NASCAR takeaways: Number crunching after seven races


After claiming his first NASCAR Cup Series championship last year, Chase Elliott made sure to let the media know there would be no title “defense” on his mind for 2021.

“There is no defending,” he said on Feb. 8. “We need to be on offense. We need to keep pushing. I think if you’re back on your heels and trying to protect something, I don’t think your mind is in the right place.

“We want more. We’re not trying to play defense. We just simply want more. That needs to be our outlook and keep it as simple as that.”

Things started out well for Elliott with a runner-up finish in the season-opening Daytona 500. The next week on the Daytona road course, he showed that he remains the series’ top driver in that discipline, even if the result didn’t show it.

That 21st-place finish, however, started a five-race downturn that included four finishes of 13th or worse and a DNF at his home track in Atlanta.

Elliott stopped the slide with a 10th-place finish on the dirt at Bristol. And there’s an argument to be made that there are better weeks ahead for him.

But seven races in, Kyle Larson and William Byron have taken the spotlight for the Hendrick Motorsports stable.

Not only have both earned wins, they’re also among the top five in many loop metrics.

Larson is tops in laps led (379), much of that coming from a dominant run at Atlanta that didn’t end with a victory. He’s also leading in fastest laps run (237), and quality passes (446), which are passes made inside the top 15 under green flag conditions.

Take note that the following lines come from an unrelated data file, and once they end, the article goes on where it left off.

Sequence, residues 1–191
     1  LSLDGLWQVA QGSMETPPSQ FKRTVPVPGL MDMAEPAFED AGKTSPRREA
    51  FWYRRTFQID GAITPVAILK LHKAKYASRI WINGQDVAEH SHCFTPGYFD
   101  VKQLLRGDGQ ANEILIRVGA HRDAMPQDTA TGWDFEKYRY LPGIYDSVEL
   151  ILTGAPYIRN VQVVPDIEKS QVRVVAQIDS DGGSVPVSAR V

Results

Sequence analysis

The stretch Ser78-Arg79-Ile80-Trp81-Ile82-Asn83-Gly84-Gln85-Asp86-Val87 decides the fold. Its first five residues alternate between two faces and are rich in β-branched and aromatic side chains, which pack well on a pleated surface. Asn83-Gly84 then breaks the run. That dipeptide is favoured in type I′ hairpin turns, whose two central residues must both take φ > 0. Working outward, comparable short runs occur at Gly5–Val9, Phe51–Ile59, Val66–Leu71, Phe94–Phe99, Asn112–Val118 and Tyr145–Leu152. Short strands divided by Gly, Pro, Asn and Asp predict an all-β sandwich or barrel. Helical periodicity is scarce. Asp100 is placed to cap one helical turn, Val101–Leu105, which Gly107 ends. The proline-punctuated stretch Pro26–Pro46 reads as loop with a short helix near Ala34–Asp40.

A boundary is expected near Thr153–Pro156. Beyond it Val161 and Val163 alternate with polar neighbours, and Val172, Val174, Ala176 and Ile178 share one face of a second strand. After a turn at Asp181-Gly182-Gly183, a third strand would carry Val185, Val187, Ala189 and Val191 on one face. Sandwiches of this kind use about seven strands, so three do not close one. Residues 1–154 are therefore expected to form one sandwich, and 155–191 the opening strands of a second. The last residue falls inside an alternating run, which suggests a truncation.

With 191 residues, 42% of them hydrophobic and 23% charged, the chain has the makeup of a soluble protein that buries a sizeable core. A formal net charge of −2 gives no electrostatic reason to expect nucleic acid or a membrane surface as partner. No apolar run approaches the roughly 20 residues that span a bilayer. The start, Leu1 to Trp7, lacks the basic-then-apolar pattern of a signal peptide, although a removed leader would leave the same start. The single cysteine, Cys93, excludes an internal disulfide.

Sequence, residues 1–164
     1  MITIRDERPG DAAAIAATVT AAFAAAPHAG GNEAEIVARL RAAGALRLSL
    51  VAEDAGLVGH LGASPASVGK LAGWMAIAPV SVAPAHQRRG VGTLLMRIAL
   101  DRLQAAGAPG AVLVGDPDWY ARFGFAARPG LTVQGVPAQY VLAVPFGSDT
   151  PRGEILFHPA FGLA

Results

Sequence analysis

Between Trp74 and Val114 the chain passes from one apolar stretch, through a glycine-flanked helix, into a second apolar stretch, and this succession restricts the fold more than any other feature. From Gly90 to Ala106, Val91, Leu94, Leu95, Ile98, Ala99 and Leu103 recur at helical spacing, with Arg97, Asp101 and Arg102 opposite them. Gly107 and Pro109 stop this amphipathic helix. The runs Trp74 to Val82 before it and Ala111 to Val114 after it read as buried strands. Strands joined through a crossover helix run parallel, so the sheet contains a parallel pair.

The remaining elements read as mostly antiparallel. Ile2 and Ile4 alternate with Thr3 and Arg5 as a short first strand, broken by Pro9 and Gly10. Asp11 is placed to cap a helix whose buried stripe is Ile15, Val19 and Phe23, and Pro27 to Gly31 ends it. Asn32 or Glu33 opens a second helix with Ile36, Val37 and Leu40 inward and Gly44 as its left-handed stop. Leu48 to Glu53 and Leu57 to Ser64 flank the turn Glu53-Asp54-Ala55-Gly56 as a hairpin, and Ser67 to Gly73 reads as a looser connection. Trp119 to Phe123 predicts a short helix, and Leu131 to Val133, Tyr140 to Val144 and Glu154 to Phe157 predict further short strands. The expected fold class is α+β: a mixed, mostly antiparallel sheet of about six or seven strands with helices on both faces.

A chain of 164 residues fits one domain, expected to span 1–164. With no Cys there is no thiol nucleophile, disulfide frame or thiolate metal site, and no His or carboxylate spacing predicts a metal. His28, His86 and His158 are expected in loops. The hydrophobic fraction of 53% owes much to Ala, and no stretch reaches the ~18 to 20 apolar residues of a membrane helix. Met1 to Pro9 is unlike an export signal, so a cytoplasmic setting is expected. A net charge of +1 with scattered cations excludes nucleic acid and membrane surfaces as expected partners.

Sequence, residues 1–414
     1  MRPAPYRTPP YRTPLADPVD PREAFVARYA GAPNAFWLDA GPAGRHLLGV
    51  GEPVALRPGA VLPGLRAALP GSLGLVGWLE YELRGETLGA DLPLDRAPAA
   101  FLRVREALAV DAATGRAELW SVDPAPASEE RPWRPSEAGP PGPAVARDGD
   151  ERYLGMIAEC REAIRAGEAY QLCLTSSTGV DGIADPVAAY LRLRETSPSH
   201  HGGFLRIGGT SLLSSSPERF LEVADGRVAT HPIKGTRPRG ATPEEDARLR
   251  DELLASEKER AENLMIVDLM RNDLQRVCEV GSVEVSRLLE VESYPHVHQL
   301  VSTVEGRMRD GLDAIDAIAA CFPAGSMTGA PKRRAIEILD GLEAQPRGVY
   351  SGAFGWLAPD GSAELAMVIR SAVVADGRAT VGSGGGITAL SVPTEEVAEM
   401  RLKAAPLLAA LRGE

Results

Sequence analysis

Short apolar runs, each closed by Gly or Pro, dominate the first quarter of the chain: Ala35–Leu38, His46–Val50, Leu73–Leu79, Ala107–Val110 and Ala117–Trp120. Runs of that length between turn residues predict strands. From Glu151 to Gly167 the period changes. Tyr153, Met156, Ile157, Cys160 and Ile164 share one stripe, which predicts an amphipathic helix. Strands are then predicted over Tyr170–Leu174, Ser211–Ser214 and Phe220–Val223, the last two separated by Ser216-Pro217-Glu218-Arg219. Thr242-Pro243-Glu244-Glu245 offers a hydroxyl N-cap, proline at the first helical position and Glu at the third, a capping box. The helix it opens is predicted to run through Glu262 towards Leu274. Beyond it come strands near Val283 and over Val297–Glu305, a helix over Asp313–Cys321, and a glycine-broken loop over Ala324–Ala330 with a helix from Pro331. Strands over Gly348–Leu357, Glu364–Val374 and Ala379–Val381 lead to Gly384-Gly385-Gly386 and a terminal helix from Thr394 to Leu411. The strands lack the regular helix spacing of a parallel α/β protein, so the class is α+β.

In average running position, Larson (9.5) and Byron (10.7) are fourth and fifth respectively. Byron is also fifth in laps led (129) and fastest laps run (99).

That Larson was able to quickly re-adapt to Cup racing wasn’t surprising. Byron, on the other hand, appears to have made a big step toward becoming a weekly fixture at the front (something he stated as his goal back in December). Keep in mind that through the first seven races last year, he had an average finish of 22.1 and average running position of 15.9.

Everything but the W

Last year, Denny Hamlin was the clear No. 1 at Joe Gibbs Racing. But while he and the No. 11 team have carried that performance into 2021, they don’t have a win to show for it.

Perhaps that’s why last Monday’s near-miss on the dirt at Bristol appeared to sting Hamlin a little more.

He hasn’t just been banking strong finishes (series-high six top fives; none worse than 11th). He’s also been banking stage points at near-perfect efficiency.

He’s scored points in 13 of 14 stages with three stage wins. In the 13 stages where he’s scored, he earned a top-five finish in all but one. The outlier was a ninth-place finish in the second stage at Atlanta; he went on to finish fourth in the race.

Hamlin is also tops in several other statistics, including average finish (4.7), average running position (5.9), and laps inside the top 15 (1,549 in total; 91.4%).

It’s added up to a 58-point lead, nearly a full race’s worth, over Joey Logano in the regular season standings.

Through seven races last year, Hamlin was eighth in the regular season standings. But he was already in the playoffs with two wins.